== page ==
A third, much older Suit

First off, I want to apologise to Kate and Glen.  You both have already done two wonderful in-depth analysis on Suits. And I will do my best not to re-hash what you two have already covered or steal any of your content. But It’s the show I’m most familiar with, so I feel like I have to talk about it. And I have to agree with both of you. Suits is the sort of show that we should be examining for developing Fear or Favour.

For those of you that have read the other two’s work, this synopsis may sound familiar.

The first season is an introduction to the world of corporate law. Mike Ross, a failed law school student, makes a living by cheating on other people’s tests and selling opportunities to get into law schools. Despite being insanely intelligent, past mistakes prevented him from getting into Harvard and he’s stuck in life. After Mike attempts to deliver drugs for his friend, and almost getting arrested, he accidentally wanders into an interview to become Harvey’s associate at the Pearson Hardman law firm. Despite not being qualified at all, Harvey realizes how sharp Mike is at law after he proves he’s memorized a law textbook word-for-word. In a move that would help and hinder him for most of his career, Harvey hires him anyway. This sets up the first season, where Mike is a fish out of water trying to make a name for himself while not revealing to anyone that he’s not a Harvard lawyer. Harvey, in the meantime, tackles high-profile corporate law cases where his hubris and cocky attitude often gets him into trouble.


Going back to the first season after watching the whole show shone an interesting light on how the show developed over time. While much of the show can focus on comedy and office antics, the heart of each season relies on both the drama of each respective case, along with the inter-office drama that can stem from it. Having the final episode of the first season end with Harvey setting out to free an innocent man from prison represents an interesting arc. We get to see what happens when his ‘Winning first’ past comes back to bite him in his posterior. More importantly, we also have Jessica (The firm’s current boss) discovering Mike’s secret of not going to Harvard. This is a turning point in the show, as the entire cast falls down a slippery slope as lies are tossed around like currency and inter-office politics threaten to tear the firm apart. But that’s season 2 and onward.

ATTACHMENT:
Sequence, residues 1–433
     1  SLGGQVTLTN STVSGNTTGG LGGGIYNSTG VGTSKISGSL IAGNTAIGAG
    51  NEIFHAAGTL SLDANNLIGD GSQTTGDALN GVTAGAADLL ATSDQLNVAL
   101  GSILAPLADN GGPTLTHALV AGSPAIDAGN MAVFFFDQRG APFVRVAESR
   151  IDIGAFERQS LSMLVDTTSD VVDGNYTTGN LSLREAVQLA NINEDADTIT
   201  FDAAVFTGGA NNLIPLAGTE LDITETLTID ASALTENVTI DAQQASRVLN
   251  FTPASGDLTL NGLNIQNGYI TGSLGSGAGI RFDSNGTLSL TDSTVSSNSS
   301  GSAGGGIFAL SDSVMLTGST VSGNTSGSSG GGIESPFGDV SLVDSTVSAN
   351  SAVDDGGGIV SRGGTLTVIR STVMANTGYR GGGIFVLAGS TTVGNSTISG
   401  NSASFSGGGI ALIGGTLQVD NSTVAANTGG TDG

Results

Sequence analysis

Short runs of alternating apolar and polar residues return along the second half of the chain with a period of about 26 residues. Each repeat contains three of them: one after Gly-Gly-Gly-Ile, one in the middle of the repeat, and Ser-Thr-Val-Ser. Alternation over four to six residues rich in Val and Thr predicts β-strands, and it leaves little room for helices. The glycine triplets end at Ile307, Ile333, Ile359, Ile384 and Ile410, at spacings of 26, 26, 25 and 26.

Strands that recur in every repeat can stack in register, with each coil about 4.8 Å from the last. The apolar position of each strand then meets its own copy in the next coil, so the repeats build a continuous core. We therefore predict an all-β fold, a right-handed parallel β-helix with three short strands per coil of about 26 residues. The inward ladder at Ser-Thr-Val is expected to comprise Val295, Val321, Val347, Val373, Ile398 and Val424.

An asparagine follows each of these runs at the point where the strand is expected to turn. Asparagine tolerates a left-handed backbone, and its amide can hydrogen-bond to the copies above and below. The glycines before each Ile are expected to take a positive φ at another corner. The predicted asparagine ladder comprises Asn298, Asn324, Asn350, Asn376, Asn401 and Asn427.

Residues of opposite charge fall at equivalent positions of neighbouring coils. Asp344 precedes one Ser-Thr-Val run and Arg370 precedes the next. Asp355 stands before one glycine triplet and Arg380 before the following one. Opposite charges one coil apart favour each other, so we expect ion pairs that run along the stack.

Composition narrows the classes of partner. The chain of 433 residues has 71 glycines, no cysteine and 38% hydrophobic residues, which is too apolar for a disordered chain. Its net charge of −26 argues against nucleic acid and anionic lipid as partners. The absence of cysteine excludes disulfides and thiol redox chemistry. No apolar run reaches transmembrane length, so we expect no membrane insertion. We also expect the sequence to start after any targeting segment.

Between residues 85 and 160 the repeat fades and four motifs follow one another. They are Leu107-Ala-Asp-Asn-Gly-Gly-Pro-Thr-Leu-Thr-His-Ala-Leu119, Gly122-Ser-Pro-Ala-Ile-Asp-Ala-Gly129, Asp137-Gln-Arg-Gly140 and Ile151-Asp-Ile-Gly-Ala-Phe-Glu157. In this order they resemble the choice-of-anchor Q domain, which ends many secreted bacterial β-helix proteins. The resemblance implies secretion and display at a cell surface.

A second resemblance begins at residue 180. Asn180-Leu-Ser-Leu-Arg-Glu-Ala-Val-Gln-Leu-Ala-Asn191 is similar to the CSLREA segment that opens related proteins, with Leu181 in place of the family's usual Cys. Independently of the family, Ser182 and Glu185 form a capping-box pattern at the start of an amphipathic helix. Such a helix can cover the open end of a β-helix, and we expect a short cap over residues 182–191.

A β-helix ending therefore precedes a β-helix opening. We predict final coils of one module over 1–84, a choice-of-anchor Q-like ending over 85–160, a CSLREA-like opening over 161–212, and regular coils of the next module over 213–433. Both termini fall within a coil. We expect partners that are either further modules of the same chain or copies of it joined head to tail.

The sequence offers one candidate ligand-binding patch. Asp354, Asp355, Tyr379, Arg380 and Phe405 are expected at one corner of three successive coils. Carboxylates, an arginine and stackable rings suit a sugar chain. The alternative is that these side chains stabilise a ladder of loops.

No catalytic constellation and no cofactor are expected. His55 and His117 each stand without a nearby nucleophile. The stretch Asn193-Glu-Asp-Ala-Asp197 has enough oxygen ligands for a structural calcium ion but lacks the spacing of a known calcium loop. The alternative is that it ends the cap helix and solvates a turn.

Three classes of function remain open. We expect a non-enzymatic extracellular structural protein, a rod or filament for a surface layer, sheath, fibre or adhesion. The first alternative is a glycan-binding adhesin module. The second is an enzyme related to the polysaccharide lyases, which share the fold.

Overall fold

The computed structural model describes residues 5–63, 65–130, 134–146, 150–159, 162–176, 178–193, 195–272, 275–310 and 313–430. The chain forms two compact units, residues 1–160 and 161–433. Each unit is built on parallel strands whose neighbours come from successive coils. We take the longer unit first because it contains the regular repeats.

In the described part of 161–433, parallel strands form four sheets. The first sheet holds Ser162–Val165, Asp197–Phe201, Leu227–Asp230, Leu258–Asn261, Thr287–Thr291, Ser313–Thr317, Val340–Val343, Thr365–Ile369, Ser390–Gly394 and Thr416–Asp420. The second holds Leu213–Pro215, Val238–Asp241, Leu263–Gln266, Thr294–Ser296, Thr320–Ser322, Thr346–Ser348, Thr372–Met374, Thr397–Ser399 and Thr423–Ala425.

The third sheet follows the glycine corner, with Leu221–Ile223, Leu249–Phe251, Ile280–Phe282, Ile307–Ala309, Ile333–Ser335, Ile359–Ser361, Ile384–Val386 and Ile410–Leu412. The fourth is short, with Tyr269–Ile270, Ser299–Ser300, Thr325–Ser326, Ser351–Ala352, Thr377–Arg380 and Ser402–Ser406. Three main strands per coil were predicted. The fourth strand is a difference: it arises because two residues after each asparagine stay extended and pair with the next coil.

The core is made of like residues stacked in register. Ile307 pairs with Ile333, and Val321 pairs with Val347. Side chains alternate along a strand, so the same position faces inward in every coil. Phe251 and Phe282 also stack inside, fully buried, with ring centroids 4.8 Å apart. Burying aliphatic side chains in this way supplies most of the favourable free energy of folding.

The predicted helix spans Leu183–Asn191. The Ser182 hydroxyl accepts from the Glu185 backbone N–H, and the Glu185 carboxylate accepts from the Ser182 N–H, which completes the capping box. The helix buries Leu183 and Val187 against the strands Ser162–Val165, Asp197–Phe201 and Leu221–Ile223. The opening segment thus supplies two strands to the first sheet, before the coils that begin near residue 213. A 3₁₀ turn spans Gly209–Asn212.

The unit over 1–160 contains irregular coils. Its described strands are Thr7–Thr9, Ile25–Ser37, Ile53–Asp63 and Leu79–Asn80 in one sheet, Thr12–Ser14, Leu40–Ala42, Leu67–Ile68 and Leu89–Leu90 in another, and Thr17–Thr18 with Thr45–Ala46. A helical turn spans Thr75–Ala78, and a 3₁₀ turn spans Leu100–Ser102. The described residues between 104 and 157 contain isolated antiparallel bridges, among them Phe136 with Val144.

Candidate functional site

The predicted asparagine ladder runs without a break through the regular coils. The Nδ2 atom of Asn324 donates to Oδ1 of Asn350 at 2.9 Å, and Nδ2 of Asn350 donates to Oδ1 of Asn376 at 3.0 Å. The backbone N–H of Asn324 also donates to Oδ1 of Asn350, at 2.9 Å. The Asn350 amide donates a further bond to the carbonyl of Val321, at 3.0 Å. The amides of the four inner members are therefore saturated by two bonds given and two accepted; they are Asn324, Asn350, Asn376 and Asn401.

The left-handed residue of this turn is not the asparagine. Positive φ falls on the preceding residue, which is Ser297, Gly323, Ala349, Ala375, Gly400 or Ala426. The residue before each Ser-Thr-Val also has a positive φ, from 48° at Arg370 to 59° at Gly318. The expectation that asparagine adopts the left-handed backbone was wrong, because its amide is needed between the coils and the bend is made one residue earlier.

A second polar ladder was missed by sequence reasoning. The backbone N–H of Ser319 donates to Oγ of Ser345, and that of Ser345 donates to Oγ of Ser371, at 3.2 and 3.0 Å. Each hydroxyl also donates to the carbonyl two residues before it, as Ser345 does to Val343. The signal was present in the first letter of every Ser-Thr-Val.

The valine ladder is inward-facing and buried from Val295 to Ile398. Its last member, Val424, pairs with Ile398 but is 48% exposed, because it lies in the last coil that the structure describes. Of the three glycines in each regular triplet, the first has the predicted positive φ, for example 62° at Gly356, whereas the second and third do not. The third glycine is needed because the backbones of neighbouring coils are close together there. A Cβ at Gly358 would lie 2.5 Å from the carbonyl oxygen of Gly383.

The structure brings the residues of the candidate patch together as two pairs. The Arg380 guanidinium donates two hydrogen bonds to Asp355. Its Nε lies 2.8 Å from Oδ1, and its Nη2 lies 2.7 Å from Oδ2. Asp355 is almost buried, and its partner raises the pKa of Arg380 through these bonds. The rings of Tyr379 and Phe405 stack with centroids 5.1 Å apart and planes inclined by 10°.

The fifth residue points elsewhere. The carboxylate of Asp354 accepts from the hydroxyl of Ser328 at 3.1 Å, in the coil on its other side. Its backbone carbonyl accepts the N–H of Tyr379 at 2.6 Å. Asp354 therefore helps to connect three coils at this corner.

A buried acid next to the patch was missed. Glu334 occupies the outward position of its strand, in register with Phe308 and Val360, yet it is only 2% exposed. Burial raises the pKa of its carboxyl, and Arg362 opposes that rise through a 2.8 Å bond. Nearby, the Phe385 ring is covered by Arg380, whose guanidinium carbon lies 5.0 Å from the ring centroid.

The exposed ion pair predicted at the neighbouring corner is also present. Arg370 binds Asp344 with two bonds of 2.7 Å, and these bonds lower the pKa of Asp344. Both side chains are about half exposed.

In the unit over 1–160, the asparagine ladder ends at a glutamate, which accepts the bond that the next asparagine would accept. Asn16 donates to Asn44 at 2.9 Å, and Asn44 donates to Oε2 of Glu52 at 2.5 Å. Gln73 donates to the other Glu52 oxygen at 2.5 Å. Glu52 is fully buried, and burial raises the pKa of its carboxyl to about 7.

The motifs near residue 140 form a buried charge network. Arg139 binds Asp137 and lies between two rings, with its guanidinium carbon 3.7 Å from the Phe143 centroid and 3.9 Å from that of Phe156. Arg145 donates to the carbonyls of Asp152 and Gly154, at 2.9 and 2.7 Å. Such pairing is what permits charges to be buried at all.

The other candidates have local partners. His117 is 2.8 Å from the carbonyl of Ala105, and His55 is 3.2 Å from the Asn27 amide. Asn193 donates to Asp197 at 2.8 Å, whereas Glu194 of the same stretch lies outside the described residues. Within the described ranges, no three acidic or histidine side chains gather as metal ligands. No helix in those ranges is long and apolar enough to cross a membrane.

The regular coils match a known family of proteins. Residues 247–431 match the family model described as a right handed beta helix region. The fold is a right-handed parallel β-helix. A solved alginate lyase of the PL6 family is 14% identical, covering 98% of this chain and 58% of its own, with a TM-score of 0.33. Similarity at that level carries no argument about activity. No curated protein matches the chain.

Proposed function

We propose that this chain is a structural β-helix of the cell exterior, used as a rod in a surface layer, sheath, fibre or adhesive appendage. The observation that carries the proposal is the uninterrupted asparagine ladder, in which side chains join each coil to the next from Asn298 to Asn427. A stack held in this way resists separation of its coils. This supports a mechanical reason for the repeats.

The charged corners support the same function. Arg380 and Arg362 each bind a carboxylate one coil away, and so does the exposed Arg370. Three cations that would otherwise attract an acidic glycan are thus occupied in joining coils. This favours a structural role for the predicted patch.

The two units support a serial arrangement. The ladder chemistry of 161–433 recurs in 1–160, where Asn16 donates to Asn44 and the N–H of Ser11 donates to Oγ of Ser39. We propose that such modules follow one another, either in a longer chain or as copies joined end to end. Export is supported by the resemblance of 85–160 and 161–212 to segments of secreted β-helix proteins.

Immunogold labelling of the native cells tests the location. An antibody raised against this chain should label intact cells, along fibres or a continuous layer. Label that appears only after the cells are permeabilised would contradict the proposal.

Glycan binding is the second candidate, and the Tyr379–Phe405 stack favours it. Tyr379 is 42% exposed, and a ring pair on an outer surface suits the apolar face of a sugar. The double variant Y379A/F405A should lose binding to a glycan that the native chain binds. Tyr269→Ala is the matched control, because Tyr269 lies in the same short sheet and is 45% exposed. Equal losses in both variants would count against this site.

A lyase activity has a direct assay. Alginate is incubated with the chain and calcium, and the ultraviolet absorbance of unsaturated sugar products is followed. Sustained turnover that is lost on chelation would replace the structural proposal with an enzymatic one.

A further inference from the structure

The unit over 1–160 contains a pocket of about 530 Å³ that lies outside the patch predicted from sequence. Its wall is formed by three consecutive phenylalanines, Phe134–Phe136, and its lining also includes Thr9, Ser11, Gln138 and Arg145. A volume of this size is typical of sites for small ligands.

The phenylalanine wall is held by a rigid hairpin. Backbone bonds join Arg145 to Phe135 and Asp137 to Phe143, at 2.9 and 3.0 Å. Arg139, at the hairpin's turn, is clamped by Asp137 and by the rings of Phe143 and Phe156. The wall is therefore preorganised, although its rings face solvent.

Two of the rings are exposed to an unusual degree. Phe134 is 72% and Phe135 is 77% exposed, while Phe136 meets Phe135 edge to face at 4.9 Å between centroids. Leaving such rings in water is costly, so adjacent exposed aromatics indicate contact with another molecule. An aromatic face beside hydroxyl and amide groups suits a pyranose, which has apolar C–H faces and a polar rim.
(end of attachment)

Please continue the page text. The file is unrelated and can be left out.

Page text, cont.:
The opening season, first and foremost, established the firm’s characters. Many of the cases Harvey and Mike encountered were often ‘Monster of the Week’ Variety. That is to say, they would be resolved in one or two episodes. This isn’t a bad thing in the slightest. The shows writers decided instead to use the time to develop the Firm’s cast. We get to see how arrogant and clever Harvey is. We get to see how intelligent Mike is, but also how wet behind the ears he is when it comes to practicing law. Louis Litt (another Lawyer at the firm who specializes in taxes and book-balancing) starts out as a sleazy, underhanded crook, but shows a softer side when people treat him with a little respect and dignity. Even Harvey’s Secretary, Donna, gets ample screen time to show her colors and she remains one of my favourite television characters to date.

I found that the pilot accomplished everything it needed to be. It established both Mike and Harvey’s distinct characters, as well as giving them time to get to know each other. Both men are the same, yet completely at odds. Both are Law prodigies, but both have a completely different outlook on life. Harvey is a ‘winning first’ kind of guy, but he does have principles (As we see in the season finale) Mike is the opposite. He cares about his clients, and some sense of justice, but is in the law firm due to lies and deceit. The banter and development between these two for the first season is palpable.

The point we should be bringing to Fear or Favour is that the first season doesn’t need a series-long plot to be popular (Like Damages tries to do with varying degrees of success) If you develop likable, interesting characters and put them into interesting situations, those situations don’t need to be connected for us to be invested. The characters do all the work. For Fear or Favour, character development should be the primary goal of a first season. After we’ve developed our characters, then we can delve into the deeper aspects of law and the minutia that follows.

All in all, the first season of suits is a wonderful example of how to make a law show, and I believe we should consider learning from it if we wish to make Fear or Favour as successful as we can.

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